/lug"werrm'/, n.
any burrowing annelid of the genus Arenicola, of ocean shores, having tufted gills: used as bait for fishing. Also called lug.
[1795-1805; LUG4 + WORM]

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▪ polychaete genus
      (genus Arenicola), any of several marine worms (class Polychaeta, phylum Annelida) that burrow deep into the sandy sea bottom or intertidal areas and are often quite large. Fishermen use them as bait. Adult lugworms of the coast of Europe (e.g., A. marina) attain lengths of about 23 cm (9 inches). The lugworm of the coasts of North America (A. cristata) ranges in length from 7.5 to 30 cm.

      The body is segmented, or ringed. The head end is dark red; behind it the body is fatter and lighter in colour. Toward the tail the body becomes thinner and yellowish red. The middle of the body has bristles and about 12 pairs of feathery gills.

      Lugworms feed on decayed organic matter and ingest sand along with the food particles. At low tide their coiled casts (masses of excrement) may often be seen piled above their burrows. Their burrows may extend as deep as 60 cm (2 feet). The animals are hermaphroditic; i.e., functional reproductive organs of both sexes occur in the same individual. The eggs of one individual, however, are fertilized by the sperm of another.

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Universalium. 2010.

Look at other dictionaries:

  • lugworm — ► NOUN ▪ a bristle worm living in muddy sand and leaving characteristic worm casts, used as fishing bait. ORIGIN from earlier lug lugworm , of unknown origin …   English terms dictionary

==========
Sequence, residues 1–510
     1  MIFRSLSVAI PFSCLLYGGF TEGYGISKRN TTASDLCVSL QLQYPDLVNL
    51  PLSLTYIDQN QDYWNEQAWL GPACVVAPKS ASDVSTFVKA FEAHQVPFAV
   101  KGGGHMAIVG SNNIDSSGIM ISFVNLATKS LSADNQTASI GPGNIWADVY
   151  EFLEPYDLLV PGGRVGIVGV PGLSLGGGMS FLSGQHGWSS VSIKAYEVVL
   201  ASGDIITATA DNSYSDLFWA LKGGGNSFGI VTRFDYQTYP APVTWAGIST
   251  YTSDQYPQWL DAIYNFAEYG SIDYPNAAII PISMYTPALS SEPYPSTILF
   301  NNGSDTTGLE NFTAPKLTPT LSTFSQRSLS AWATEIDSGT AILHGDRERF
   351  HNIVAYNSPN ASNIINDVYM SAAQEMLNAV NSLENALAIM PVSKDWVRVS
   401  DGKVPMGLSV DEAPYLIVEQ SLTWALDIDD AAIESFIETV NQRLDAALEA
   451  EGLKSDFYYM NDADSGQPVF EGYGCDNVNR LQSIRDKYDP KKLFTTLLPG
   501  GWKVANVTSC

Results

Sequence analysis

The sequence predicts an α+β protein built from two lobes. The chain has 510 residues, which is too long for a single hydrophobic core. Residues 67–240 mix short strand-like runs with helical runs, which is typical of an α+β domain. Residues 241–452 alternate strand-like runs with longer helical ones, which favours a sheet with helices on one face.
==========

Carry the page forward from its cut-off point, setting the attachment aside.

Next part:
• Lugworm — Lug worm , n. [1st lug + worm.] (Zo[ o]l.) A large marine annelid ({Arenicola marina}) having a row of tufted gills along each side of the back. It is found burrowing in sandy beaches, both in America and Europe, and is used for bait by European… …   The Collaborative International Dictionary of English

  • lugworm — c.1600, from lug, probably a Celtic word (the first recorded use is in a Cornwall context) unrelated to lug (n.) or lug (v.) + WORM (Cf. worm). But OED suggests connection with lug (v.) on the notion of heavy, clumsy …   Etymology dictionary

  • lugworm — [lug′wʉrm΄] n. [ LUG3 + WORM] any of a family (Arenicolidae) of polychaetous worms that burrow into sandy seashores and are used for bait …   English World dictionary

  • Lugworm — Taxobox | name = Lugworm image width = 240px image caption = Lugworm, Arenicola marina , casts on the beach at Ballyholme, Northern Ireland regnum = Animalia phylum = Annelida classis = Polychaeta ordo = Capitellida familia = Arenicolidae genus …   Wikipedia

  • lugworm — noun Etymology: origin unknown Date: 1802 any of a genus (Arenicola) of marine polychaete worms that have a row of tufted gills along each side of the back and are used for bait …   New Collegiate Dictionary

  • lugworm — noun A large marine worm of the phylum Annelida, whose coiled castings can often be seen on beaches at low tide. Syn: sandworm …   Wiktionary

  • lugworm — lug|worm [ˈlʌgwə:m US wə:rm] n BrE a small ↑worm that lives in sand by the sea, often used to catch fish …   Dictionary of contemporary English

  • lugworm — n. marine worm with short stiff hair used as fishing bait …   English contemporary dictionary

  • lugworm — noun a bristle worm living in muddy sand and leaving characteristic worm casts, widely used as fishing bait. [Arenicola marina.] Origin C19: from earlier lug (of unknown origin) + worm …   English new terms dictionary

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